Between 1737 and 1748 Bach wrote at least five Masses, four of which survive in their entirety. (The C Minor Mass exists only as a fragment.) These are known as the Missa brevis (plural is Missae brevis), meaning brief Masses or Lutheran Masses, in contrast to the Mass in B Minor, Bach’s only Latin work following the complete Catholic Mass structure. But none of these Masses gets much attention in either Bach scholarship or performances, suffering first from being in the shadow of the Mass in B Minor – called by Georg Nägeli one of the “greatest musical works of art of all times and all peoples” – and second by the fact that each of these four Masses are “parody” works. A parody work is one based on preexisting music. Parody Masses were common in the Renaissance, whereby a composer would create a new musical work out of old material. Normally, that “old material” was a chant or popular song, some musical element that would be recognizable to the choir and congregation. For two famous examples, see Josquin’s Missa pange lingua (based on the chant “Pange lingua”, still used today in the Catholic Church), or Machaut’s Missa l’homme armé (which is based on a popular song).
Bach’s Masses, however, are parodies of his own work. In modern times, we tend to think of the word “parody” in terms of comedy; but the original use of the word in music had no such connotations. In fact, parody was a common technique that was often a form of flattery – if your work proved to be the source of the parody,then your music had to be fairly well known, perhaps even well respected. In the present case, Bach’s Mass in G Major is largely based on his own earlier cantatas:
- The Kyrie is derived from Cantata 179
- the opening movement of the Gloria comes from Cantata 79
- the “Gratias agimus tibi” movement is derived from Cantata 138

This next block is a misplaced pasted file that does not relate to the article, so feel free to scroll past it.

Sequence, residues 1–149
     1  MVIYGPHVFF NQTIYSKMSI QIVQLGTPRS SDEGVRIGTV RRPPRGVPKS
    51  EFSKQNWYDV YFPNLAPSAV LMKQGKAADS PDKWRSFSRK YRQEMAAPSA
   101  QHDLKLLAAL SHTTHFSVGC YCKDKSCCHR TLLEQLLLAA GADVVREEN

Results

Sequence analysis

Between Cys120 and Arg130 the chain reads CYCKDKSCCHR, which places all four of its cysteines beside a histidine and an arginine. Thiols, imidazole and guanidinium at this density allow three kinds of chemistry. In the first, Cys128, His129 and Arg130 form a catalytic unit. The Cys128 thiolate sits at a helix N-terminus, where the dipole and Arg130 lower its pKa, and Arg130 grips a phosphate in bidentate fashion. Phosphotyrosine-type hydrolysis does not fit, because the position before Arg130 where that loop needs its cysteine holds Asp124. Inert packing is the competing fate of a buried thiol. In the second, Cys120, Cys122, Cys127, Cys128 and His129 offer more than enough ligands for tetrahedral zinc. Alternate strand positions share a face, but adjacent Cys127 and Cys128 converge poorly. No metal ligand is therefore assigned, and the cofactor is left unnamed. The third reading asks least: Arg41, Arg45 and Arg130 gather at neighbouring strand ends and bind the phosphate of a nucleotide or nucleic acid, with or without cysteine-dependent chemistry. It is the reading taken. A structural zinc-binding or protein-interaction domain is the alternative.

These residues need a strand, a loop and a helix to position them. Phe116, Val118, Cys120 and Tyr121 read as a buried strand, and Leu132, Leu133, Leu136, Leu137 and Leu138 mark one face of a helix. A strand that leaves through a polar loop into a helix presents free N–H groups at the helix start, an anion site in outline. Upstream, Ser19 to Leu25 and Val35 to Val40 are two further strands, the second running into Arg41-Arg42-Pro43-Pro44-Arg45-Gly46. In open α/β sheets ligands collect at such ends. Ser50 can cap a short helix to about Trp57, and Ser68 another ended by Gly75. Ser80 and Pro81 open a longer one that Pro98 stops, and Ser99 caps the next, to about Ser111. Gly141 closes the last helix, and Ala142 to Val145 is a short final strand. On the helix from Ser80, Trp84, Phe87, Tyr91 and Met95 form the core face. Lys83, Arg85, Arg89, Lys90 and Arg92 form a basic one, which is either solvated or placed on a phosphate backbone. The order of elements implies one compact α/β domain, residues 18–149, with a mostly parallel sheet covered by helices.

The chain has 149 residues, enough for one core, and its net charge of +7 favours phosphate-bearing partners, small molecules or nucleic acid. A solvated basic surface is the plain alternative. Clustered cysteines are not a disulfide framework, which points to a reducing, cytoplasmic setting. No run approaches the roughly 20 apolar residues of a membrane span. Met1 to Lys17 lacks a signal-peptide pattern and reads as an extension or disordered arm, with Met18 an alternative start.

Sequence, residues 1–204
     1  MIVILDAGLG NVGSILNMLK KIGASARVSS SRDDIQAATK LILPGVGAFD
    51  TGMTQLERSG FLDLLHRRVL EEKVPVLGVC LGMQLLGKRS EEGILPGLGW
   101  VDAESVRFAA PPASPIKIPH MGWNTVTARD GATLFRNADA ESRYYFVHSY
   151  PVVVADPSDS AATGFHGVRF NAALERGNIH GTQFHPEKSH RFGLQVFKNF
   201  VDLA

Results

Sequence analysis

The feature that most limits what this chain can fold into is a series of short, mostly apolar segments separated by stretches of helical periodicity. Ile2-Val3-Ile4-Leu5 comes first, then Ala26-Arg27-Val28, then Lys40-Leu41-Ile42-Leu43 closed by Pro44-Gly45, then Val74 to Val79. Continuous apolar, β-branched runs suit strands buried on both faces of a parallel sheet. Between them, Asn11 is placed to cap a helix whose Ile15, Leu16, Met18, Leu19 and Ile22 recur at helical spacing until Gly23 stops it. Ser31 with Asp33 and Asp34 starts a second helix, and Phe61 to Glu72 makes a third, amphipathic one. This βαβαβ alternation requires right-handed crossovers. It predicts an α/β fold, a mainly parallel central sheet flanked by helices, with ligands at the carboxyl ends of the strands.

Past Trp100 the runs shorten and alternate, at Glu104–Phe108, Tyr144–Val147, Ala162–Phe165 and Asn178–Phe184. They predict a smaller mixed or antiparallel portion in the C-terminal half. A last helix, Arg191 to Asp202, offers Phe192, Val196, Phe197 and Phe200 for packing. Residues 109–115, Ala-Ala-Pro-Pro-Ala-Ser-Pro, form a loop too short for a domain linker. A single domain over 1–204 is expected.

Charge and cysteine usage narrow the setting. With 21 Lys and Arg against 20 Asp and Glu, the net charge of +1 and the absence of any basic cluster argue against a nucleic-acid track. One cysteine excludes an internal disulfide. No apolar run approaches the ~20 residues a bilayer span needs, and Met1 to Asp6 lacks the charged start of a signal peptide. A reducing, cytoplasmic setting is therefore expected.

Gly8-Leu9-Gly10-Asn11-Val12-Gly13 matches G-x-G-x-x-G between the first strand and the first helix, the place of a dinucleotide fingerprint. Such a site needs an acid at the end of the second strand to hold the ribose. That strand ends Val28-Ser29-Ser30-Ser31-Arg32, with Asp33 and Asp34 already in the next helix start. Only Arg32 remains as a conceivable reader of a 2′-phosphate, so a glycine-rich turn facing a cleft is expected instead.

- continuing in the Gloria, the movement “Domine Deus” also comes from Cantata 79
- “Quoniam tu solus sanctus” comes, like the Kyrie, from Cantata 179
- the final movement of the Gloria, “Cum Sancto Spiritu”, originates from Cantata 17
[For more information about the connections, see: Robin A. Leaver, “The mature vocal works and their theological and liturgical context,” Chapter 7 of The Cambridge Companion to Bach, p. 115.]
These four Masses differ form the big Mass in B Minor in that they do not include all of the same movements. For this reason, I personally prefer to refer to these as Bach’s “Lutheran Masses” rather than use the term “missa brevis”. The term “missa brevis” means short Mass, though it does not indicate the manner in which the Mass is shortened – is it simply by writing shorter movements, but including all of the traditional Ordinaries of the Catholic Mass (as you observe in all of Mozart’s works using the title “missa brevis”)? Or is it an an indication of actually excluding movements (as in Bach’s examples)? For me, the fact that Bach sets only the Kyrie and Gloria, and not the movements associated with the Liturgy of the Eucharist in the Catholic Church, is what separates his setting from Catholic musical and liturgical tradition, and is the reason why I prefer the term “Lutheran Mass” to refer to these four works.
Robin Leaver writes that these four Lutheran Masses all use a “symmetrical, five-movement Gloria in which a central movement (in BWV 236 a duet) is framed by two arias and two choruses.”